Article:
First was Latin America, now Africa. No matter where the projects are located, if they are promising copper or gold assets, Chinese investors are coming for it.
The imminent acquisition of Freeport-McMoRan’s Tenke Fungurume mine in the Democratic Republic of Congo is just the latest sign of a growing trend, as analysts expect the Asian nation to continue its quest for a steady supply of metals, mainly copper, cobalt and gold.
According to a report released Friday by BMI Research, the DRC will remain the destination of choice for Chinese mining investors in the coming years, thanks to the country’s low production costs and the largest undeveloped high-grade (2-3% compared to global average of 0.8%) copper deposits in the world.
The analysts argue that China’s slowing gold production growth as a result of depleting domestic reserves and rising production costs will also boost the presence of Asian investors in the DRC’s largely untapped gold sector:
DRC’s growing economy — with an average annual real GDP growth rate of 7.9% during 2011-2015, and the mining industry accounting for 10.9% of GDP in 20 15 — will increasingly absorb most foreign investment in the African region with South Africa’s production costs on the rise.
In many ways, China is repeating a known strategy for those in the mining industry. At the turn of the millennium, the country moved to secure supplies of traditional commodities, such as oil and industrial metals, sometimes through acquisitions, other times through investments and loans-for-oil deals with nations including Angola and Venezuela, which held big deposits of the raw materials.
In Africa, they are now also investing in infrastructure, but the experts at BMI say it will take years for those ventures to benefit the region’s mining sector.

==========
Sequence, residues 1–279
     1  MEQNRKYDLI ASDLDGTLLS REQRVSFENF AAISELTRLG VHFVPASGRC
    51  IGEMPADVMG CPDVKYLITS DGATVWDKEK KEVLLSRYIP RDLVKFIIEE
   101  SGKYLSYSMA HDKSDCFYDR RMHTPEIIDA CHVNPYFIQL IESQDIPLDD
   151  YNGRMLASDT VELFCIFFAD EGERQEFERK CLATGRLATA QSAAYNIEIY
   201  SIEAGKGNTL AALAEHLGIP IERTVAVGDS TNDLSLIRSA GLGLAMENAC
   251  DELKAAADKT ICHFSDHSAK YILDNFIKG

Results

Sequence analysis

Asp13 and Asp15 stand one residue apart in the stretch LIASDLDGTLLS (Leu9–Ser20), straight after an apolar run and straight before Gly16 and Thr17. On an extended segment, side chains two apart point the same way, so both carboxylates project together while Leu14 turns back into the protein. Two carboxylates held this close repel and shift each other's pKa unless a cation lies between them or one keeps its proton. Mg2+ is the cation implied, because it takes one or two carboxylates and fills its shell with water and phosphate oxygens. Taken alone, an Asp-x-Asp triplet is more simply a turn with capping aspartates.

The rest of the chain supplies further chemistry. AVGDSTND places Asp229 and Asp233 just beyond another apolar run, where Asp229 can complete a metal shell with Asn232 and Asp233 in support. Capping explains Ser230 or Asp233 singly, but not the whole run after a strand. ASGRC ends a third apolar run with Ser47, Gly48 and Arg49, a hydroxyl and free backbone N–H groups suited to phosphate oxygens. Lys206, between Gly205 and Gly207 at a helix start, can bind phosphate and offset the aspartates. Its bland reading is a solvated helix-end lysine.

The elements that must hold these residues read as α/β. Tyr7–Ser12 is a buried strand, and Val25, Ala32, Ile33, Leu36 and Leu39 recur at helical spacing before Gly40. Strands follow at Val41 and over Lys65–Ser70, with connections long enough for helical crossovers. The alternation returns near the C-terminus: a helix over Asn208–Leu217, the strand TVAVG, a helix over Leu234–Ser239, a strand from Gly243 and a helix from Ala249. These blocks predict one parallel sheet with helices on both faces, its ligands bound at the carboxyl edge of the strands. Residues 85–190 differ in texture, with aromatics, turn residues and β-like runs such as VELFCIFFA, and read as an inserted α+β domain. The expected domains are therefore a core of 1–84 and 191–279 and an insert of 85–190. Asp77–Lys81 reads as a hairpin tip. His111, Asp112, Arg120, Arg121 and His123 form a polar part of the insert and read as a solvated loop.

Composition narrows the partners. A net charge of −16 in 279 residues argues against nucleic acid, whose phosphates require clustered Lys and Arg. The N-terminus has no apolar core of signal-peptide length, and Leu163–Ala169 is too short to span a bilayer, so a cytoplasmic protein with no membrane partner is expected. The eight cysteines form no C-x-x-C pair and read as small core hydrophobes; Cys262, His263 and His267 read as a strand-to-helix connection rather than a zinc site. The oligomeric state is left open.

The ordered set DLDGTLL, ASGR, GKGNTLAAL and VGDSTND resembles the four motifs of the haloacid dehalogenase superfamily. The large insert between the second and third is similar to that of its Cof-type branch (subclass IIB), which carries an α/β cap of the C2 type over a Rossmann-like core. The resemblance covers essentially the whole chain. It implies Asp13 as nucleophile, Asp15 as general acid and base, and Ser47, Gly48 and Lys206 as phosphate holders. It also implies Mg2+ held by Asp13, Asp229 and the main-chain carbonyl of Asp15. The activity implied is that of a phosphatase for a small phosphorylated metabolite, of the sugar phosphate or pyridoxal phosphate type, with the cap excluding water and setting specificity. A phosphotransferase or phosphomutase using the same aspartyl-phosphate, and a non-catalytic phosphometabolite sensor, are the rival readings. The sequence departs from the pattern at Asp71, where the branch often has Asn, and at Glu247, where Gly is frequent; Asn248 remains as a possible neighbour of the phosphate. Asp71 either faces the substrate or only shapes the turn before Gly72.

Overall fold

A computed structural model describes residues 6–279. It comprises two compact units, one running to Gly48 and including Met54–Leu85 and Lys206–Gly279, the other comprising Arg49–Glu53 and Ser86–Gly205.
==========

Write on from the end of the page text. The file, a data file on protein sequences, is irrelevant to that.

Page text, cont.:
As an example, they mention a $6 billion loan in place since 2009 between Exim Bank of China and the DRC, which is expected to improve Congolese infrastructure and boost the development of mines in return for control over some copper deposits.
Progress on the matter continues. Last month, the Congolese government awarded a $660 million contract to a consortium of Chinese investors to build a 240 mega watt hydroelectric project at Busanga, near the location of the Sicomines copper project, which is a joint venture between DRC-owned Gecamines S.A., China Sinohydro and the China Railway Group Ltd.
However, BMI’s report acknowledges that regulatory uncertainty in the country, mostly linked to a potential revision of its mining code and upcoming presidential elections, will remain a key barrier to the resource sector’s long-term growth. They place the country in the 59th position for mining risks out of the 61 countries they list in their Mining Risk/Reward Index.
BMI also warns that the lack of substantial infrastructure and power are two other factors that will weigh on investors decisions in years to come.